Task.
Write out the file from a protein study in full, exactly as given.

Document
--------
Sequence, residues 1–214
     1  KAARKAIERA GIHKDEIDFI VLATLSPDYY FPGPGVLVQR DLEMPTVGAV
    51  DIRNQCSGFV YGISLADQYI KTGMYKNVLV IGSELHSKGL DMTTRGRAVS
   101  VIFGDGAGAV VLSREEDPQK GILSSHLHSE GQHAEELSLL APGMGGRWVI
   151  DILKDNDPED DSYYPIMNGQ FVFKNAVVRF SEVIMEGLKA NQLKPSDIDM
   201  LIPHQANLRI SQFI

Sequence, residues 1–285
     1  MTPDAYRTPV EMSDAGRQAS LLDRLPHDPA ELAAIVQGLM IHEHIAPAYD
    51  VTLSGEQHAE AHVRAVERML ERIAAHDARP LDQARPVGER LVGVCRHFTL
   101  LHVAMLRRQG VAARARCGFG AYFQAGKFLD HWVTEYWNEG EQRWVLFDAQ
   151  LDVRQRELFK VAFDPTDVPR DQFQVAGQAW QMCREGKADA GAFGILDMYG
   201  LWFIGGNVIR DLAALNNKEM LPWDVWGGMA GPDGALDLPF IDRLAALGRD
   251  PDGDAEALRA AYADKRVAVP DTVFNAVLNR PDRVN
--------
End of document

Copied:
Sequence, residues 1–214
     1  KAARKAIERA GIHKDEIDFI VLATLSPDYY FPGPGVLVQR DLEMPTVGAV
    51  DIRNQCSGFV YGISLADQYI KTGMYKNVLV IGSELHSKGL DMTTRGRAVS
   101  VIFGDGAGAV VLSREEDPQK GILSSHLHSE GQHAEELSLL APGMGGRWVI
   151  DILKDNDPED DSYYPIMNGQ FVFKNAVVRF SEVIMEGLKA NQLKPSDIDM
   201  LIPHQANLRI SQFI

Sequence, residues 1–285
     1  MTPDAYRTPV EMSDAGRQAS LLDRLPHDPA ELAAIVQGLM IHEHIAPAYD
    51  VTLSGEQHAE AHVRAVERML ERIAAHDARP LDQARPVGER LVGVCRHFTL
   101  LHVAMLRRQG VAARARCGFG AYFQAGKFLD HWVTEYWNEG EQRWVLFDAQ
   151  LDVRQRELFK VAFDPTDVPR DQFQVAGQAW QMCREGKADA GAFGILDMYG
   201  LWFIGGNVIR DLAALNNKEM LPWDVWGGMA GPDGALDLPF IDRLAALGRD
   251  PDGDAEALRA AYADKRVAVP DTVFNAVLNR PDRVN